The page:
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The Cambridge History of English and American Literature in 18 Volumes (1907–21).
Volume XI. The Period of the French Revolution.

V. William Wordsworth

§ 14. The Ruined Cottage

He was a great poet when, in 1797, he wrote The Ruined Cottage—he never outdid that pastoral and, indeed, only once or twice again reached such perfection. Yet (if we set aside the words of comfort and resignation wherein, years after, it was wrapt up), in itself, the tale is most distressing and desolate. Wordsworth’s usual optimism is not to be found in it. It implies a protest against the iniquity of society and the harshness of fate. It is one of Wordsworth’s masterpieces, but, in a moral sense, can scarcely be called Wordsworthian.

The last of the Lucy poems—though written in 1799—is in even more striking contrast to Wordsworth’s known teaching It is one of the most desperate sobs that ever escaped from the heart of a forlorn lover. No glimpse of hope pierces through his vision of the tomb:

  • No motion has she now, no force;
  • She neither hears nor sees;
  • Rolled round in earth’s diurnal course,
  • With rocks, and stones, and trees.
  • Surely, Wordsworth would have condemned such a fit of blank despair in any other poetry than his own. Yet, he never wrote with more essential strength, and many of his admirers must needs regard this quatrain as, perhaps, the most condensed example of his poetical greatness.

    What has been said of his moral doctrine applies, also, to his theory of poetical style. It is now agreed that Wordsworth wrote some of his most beautiful poems in entire opposition to his principles of diction. He had laid it down as a rule that the poet should use the simple language of peasants, merely freed from its errors. Yet, even when he interpreted the feelings of cottagers and made them speak in their own names, he often broke this rule in the most glaring manner. The example pointed out by Myers is so conclusive that it would be idle to look for another one. It is taken from The Affiction of Margaret, a pathetic monologue in which a poor widow, who used to keep a shop, laments over the disappearance of her son, and pictures to herself the dangers and sufferings to which he may have been exposed. Not a single phrase in the beautiful stanza “Perhaps some dungeon hears thee groan” but is raised to the highest pitch of lyrical force and subtlety.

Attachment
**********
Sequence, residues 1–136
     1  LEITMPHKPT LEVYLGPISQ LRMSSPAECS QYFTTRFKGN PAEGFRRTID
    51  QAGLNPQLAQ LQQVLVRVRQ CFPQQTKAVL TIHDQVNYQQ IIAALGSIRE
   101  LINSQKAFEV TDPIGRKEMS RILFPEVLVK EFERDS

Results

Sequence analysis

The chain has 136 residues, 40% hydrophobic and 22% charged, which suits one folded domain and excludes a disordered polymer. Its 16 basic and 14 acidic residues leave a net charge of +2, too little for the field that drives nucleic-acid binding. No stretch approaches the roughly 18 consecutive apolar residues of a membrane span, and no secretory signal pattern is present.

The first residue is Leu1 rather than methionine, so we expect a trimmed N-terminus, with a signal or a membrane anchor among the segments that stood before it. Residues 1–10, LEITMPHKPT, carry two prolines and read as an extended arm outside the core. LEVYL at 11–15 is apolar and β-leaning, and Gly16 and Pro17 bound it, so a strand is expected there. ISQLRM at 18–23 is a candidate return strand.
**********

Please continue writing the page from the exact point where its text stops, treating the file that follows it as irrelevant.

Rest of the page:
Without recurring to such extreme cases, in which we have the poet at war with the systematic thinker, we must admit that, in many of his finest poems, the characteristics of his thought and doctrine are least evident—whether he gives way to a disturbing melancholy, which he usually condemns, as in The two April Mornings or The Fountain, or where he imparts to us an impression of nature on which he hangs no moral, as in The Green Linnet or Yew-trees. The four yew-trees of Borrowdale, “joined in one solemn and capacious grove,” constitute one of his most impressive pictures. But no philosophy is tagged to the description, which is self-sufficient. There, you have Wordsworth’s power laid bare, founded on his imaginative vision of natural aspects, yet not passing from this to a moral lesson. If this dark, powerful piece of painting had been handed down to us without the author’s name, it is not certain that anyone would have ascribed it to Wordsworth; or, if so, it would have been on account of the Westmorland names found in it; for, the bold allegories, the strange sonorous mythology, would have made many a critic hesitate.

    These instances tend to prove that his poetry is not identical with his habitual teaching, that it sometimes revolts against it, that it may here and there go beyond it. Of this conclusion, we ought not to lose sight, even when we pass on to the examination of such verses as are both beautiful in themselves and stamped as Wordsworth’s manifest creations, to which no exact parallels can be found in any other poet.